Pre-occupational therapy

  • Are you interested in interacting directly with patients and providing compassionate care?
  • Are you an active listener and good communicator?
  • Are you interested in how the human body works and moves?
  • Are you interested in how people cope with and recover from illness and/or injury
  • Can you motivate people?

Occupational Therapy may be right for you!

Pre-OT is NOT a major at the University of Wisconsin-La Crosse. It is a statement of your intention to apply to OT programs. You will still need to select a major to complete a degree at UWL. 

Declaring a Pre-OT track will help you determine common requirements for OT programs in our region. However, each program's requirements vary. When selecting coursework, it is important to consult the websites of the programs to which you plan to apply.

Occupational therapists help people across the lifespan participate in the things they want and need to do through the therapeutic use of everyday activities.  Common interventions include helping children with disabilities to participate fully in school and social situations, helping people recovering from injury to regain skills, and providing supports for older adults experiencing physical and cognitive changes.

More information can be found on the UWL OT Program website and via the AOTA.

There isn't one single experience that is favored by OT program admissions, but consider gaining work or volunteer experience where you are either:

a. working with and/or observing an OT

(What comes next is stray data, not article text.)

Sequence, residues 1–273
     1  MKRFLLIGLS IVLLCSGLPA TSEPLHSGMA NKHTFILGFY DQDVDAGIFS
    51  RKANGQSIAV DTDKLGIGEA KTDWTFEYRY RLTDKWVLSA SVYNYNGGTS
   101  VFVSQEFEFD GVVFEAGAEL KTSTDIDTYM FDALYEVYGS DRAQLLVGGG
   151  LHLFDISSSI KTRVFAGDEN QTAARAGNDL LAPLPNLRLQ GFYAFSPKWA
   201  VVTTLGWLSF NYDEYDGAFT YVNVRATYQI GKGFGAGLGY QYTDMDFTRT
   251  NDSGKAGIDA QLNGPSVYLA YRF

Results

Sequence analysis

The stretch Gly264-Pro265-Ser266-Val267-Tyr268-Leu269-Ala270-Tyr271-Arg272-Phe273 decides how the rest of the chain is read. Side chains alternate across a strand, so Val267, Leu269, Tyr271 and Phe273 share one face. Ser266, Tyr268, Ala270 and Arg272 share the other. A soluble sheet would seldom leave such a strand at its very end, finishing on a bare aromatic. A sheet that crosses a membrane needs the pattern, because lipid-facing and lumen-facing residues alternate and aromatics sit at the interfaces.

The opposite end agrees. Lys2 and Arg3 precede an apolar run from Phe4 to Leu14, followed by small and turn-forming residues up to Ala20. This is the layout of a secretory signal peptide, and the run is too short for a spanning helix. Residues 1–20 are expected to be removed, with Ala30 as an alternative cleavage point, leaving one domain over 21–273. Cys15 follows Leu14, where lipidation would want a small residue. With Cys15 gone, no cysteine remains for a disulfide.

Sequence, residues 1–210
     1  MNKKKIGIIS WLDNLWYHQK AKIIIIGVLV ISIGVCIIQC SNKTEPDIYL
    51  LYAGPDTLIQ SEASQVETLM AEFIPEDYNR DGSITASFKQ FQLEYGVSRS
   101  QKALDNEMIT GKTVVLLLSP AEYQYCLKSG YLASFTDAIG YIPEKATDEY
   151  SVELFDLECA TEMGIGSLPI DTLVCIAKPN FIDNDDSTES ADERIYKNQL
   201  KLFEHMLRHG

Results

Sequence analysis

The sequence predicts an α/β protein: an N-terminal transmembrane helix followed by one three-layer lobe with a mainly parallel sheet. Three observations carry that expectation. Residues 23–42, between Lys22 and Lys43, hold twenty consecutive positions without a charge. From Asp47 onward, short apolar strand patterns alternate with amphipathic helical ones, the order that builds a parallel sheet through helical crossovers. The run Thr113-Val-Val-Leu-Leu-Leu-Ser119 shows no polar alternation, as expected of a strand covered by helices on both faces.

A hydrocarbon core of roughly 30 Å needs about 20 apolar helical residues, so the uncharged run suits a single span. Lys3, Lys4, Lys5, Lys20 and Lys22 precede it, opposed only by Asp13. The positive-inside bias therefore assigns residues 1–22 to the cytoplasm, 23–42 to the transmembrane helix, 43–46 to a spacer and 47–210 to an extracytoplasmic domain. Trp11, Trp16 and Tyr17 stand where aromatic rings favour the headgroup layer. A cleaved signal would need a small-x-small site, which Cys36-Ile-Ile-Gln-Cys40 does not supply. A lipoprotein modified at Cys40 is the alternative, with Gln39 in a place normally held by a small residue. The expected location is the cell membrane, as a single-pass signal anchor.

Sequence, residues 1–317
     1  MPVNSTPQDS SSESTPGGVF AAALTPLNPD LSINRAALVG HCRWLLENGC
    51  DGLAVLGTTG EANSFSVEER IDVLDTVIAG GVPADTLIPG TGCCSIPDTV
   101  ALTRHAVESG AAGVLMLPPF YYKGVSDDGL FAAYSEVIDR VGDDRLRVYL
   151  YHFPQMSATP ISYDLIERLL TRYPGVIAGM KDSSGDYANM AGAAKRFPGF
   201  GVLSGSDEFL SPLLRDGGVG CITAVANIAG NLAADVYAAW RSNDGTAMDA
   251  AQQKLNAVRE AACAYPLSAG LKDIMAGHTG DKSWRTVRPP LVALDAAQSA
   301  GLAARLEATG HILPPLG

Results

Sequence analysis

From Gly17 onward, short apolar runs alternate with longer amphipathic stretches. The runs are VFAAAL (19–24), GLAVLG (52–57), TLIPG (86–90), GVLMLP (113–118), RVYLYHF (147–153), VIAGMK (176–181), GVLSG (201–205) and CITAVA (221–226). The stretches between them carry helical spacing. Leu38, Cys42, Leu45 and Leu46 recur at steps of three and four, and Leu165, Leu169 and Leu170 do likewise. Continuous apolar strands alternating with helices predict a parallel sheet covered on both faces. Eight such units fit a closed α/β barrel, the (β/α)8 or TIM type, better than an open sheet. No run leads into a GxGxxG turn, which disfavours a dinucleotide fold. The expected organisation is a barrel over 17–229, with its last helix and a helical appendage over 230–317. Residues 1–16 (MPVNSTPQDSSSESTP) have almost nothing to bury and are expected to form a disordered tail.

b. helping people with activities of daily living. CNA and "direct care" positions are a great way to do this, but you can also volunteer for on-campus programs and/or at nursing homes, assisted living facilities, special programs, or any place where you gain experience helping others.

The UWL OT Program's website shows some of the characteristics you should look to develop as you gain experience. 

Additionally, you should do what you can to become more aware of the profession - read articles about OT, go to related presentations, join the Pre-OT Club, etc. 

Some advantages of joining the Pre-OT club:

  1. Advisory information and updates about OT
  2. Periodic visits from the OT faculty, Health Professions Staff, and OT/PT professionals
  3. Community service opportunities related to OT
  4. A peer group to help support you
  • Applications: Most OT programs participate in the centralized application system "OTCAS". This is a single online site where you can submit most or all of your applications. The admission "cycle" usually starts in July, and you'll need to consult each programs' website for application deadlines. The importance of GPA varies from program to program, but a strong GPA is expected. 
  • Testing: Most programs will require the GRE exam. For more info about standardized testing, go here
  • Selecting programs: To learn about the various programs where you might apply, the OT Program Directory via the AOTA is a good place to start. Always then consult the individual programs' websites for the most accurate and up to date info. 
  • Timeline: The UWL OT Program's timeline page gives a good sense of the process of applying.

Once you've determined that you're on track to complete the prerequisite courses for your programs of choice, it's a good idea to have these programs do a "transcript review" to double-check your work.